The COVID-19 pandemic has disrupted agriculture value chains, threatening food security and upending livelihoods of millions of people around the globe. To contain the virus and safeguard the livelihoods of the population, regional governments have instituted a series of policy measures. The fallout from these have impacted the region’s agriculture sector leading to surpluses of produce on farmers’ hands, limited intra-regional trade and unemployment.
While food supplies in the Caribbean are presently stable, Barton Clarke, CARDI’s Executive Director says “an extended period of this crisis coupled with the ongoing drought and the predicted active 2020 hurricane season will put the region’s agri food supply chains on a precarious footing”. “The Caribbean must set about producing its own food, promoting healthy food consumption and look towards import substitution as viable solutions towards ensuring food security in these uncertain times,” Clarke said.
CARDI has developed a comprehensive plan that is structured to minimise any future disruptions to Agri-food supply chains. Short term measures are focused on providing the critical support needed to maintain the integrity of the food supply chains while medium to long term measures address long term food security from the perspectives of increased production, reduced reliance on imports and resilience.
Immediately the Institute has ramped up the production of planting material for a variety of crops including grain legumes, corn, coconut, cassava, hot pepper and sweet potato across member states. These would be made available to commercial producers and home gardeners. In Antigua and Barbuda and St Kitts and Nevis, CARDI is also supporting national drives to increase production to meet the shortfall of fresh produce.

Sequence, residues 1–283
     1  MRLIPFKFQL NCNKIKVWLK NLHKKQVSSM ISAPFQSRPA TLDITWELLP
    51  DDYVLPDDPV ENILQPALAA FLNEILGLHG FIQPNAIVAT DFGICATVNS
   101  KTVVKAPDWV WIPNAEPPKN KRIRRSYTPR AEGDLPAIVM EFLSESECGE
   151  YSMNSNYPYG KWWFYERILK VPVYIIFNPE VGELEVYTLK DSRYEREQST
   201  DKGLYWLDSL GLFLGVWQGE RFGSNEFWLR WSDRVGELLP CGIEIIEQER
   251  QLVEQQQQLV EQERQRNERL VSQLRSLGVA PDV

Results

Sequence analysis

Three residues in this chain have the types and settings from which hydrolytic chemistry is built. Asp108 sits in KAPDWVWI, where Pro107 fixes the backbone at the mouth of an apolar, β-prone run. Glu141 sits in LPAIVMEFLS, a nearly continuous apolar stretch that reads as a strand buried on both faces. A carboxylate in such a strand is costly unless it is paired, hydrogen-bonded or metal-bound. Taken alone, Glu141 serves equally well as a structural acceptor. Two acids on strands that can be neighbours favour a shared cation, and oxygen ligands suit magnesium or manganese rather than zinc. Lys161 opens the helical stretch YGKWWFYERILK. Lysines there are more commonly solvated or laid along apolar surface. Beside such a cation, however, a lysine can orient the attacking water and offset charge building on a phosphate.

The Caribbean agriculture sector has been dealt a severe blow by extreme weather events over the last few years. These crises coupled with the prevalence of drought conditions have thwarted the rebuilding efforts in many countries. With the hurricane season just one month away the agriculture sector must be positioned to restart production with immediacy should any of the 18 predicted hurricanes for 2020 hit the Caribbean. CARDI is leveraging its partnerships with Tissue Culture Labs in Jamaica and St Vincent and the Grenadines in particular to collect and conserve both seed and vegetative planting material for crops of priority importance to the Region. From these collections quality planting material will be supplied to farmers to restart production. This intervention will result in minimal disruptions to food supply chains.
As part of the Institute’s resilience strategy, CARDI will continue to evaluate, train and sensitise stakeholders on modern agricultural practices. Research is showing that the use of hydroponics, vertical farming, shade houses and container systems can be more productive and offer greater resilience over traditional systems. CARDI will also continue to evaluate and identify resilient high yielding varieties for commercially important crops.
Towards promoting the use and consumption of local foods, CARDI will work with partners to train agro processors on value added product development, good manufacturing processes and health and safety. This will not only extend the shelf life of produce beyond their marketing season but will also increase the profit margins to processors and farmers.